Can I sue for legal fees if a contractor did poor work?

UPDATED: Oct 27, 2011

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Can I sue for legal fees if a contractor did poor work?

I had a parking area paved recently and within a year it was ruined. There are dips, waves, and cracks along the entire area. The person who laid the gravel blames the one who did the pavement and vice versa. It seems the only way to get the job done again and correctly is to sue one of them. In this type of case is it possible to make them pay for the entire court costs?

Asked on October 27, 2011 under Business Law, Mississippi


FreeAdvice Contributing Attorney / FreeAdvice Contributing Attorney

Answered 11 years ago | Contributor

Whether or not you are entitled to legal fees concerning the dispute over poor paving depends first upon whether you can demonstrate that the person who did the work failed to do it properly, and if that is established, you will need to prove what the costs of the repairs would be.

Assuming you prove the above, whether or not you are entitled to attorneys fees as the prevailing party depends upon whether there is a written contract concerning the work you are complaining about containing an attorneys fee clause or if there is a statute allowing for attorneys fees concerning the substance of your dispute to the prevailing party. Most likely there is no statute allowing such fees based upon my experience in such cases.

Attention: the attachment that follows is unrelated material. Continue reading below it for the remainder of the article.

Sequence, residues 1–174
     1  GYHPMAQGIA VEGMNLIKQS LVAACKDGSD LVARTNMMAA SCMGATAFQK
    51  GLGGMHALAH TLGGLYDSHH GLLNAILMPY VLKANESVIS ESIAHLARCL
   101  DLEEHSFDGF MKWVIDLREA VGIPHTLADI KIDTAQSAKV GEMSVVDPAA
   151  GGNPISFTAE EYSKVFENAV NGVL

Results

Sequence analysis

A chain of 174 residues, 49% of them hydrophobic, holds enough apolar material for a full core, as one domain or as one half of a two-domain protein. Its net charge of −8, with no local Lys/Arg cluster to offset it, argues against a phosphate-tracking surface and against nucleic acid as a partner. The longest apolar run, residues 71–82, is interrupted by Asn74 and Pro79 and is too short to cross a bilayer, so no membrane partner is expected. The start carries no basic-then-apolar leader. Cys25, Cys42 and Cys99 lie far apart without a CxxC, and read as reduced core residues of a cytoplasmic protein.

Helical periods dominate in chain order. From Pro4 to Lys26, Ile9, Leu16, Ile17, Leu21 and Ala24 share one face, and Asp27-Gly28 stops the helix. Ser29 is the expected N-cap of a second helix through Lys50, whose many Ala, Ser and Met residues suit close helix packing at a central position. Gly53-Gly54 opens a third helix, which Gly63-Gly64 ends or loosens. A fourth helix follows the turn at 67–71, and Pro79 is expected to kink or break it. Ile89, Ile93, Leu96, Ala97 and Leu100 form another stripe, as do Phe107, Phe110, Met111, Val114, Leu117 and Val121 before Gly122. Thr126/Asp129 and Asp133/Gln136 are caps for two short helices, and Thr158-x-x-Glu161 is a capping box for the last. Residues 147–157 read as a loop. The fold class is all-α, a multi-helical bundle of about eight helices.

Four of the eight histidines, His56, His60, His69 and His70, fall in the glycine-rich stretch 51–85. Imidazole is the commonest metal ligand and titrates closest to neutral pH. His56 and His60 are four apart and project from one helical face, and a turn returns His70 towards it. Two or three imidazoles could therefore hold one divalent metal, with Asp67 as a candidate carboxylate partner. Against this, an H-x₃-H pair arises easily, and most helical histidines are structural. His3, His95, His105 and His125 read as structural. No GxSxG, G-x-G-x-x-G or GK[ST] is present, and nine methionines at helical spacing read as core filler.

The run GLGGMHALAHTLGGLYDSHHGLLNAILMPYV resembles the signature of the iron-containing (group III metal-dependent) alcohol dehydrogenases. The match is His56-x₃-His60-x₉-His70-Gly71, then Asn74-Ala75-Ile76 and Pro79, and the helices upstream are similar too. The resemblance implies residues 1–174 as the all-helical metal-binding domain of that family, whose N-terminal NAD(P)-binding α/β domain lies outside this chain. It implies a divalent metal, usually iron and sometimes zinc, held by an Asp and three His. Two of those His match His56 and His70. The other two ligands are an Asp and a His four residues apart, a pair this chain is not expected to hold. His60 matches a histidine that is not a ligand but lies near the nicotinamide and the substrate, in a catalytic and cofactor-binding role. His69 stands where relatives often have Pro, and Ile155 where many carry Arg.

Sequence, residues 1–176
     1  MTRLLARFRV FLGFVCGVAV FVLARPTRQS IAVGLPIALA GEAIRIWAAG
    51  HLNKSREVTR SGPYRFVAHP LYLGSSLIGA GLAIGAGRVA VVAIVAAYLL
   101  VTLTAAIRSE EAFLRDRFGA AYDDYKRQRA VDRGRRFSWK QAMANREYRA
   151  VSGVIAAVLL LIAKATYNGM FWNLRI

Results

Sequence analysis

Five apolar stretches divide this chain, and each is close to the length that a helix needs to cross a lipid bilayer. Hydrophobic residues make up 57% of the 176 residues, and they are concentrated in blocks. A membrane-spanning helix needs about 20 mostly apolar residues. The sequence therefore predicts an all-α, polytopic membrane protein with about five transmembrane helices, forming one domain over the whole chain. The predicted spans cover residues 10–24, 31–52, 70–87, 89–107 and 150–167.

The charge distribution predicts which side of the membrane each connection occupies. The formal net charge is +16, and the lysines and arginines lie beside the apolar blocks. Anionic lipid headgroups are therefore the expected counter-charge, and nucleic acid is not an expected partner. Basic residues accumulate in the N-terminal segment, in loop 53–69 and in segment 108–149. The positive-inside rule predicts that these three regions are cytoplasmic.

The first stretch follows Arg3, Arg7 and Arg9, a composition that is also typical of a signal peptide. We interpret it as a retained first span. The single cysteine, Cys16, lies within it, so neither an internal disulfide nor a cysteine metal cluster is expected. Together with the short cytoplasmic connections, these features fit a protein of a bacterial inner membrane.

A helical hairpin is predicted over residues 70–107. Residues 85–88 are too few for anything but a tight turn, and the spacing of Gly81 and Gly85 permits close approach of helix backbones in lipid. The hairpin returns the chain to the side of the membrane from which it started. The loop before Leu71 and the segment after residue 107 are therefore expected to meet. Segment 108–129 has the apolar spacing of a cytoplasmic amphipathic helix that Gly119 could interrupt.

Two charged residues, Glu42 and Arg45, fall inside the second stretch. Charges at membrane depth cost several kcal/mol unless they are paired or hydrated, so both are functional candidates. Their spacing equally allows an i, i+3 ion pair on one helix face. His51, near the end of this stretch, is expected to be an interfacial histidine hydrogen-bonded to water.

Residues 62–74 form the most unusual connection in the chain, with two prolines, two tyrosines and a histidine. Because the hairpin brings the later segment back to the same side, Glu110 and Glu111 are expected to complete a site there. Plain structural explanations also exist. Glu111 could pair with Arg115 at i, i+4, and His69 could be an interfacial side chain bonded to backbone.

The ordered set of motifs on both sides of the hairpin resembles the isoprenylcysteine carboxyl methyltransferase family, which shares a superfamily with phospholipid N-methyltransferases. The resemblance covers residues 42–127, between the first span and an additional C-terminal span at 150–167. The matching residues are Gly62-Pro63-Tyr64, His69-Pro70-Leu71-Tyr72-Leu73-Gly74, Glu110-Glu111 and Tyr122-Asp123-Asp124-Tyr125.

IMPORTANT NOTICE: The Answer(s) provided above are for general information only. The attorney providing the answer was not serving as the attorney for the person submitting the question or in any attorney-client relationship with such person. Laws may vary from state to state, and sometimes change. Tiny variations in the facts, or a fact not set forth in a question, often can change a legal outcome or an attorney's conclusion. Although has verified the attorney was admitted to practice law in at least one jurisdiction, he or she may not be authorized to practice law in the jurisdiction referred to in the question, nor is he or she necessarily experienced in the area of the law involved. Unlike the information in the Answer(s) above, upon which you should NOT rely, for personal advice you can rely upon we suggest you retain an attorney to represent you.

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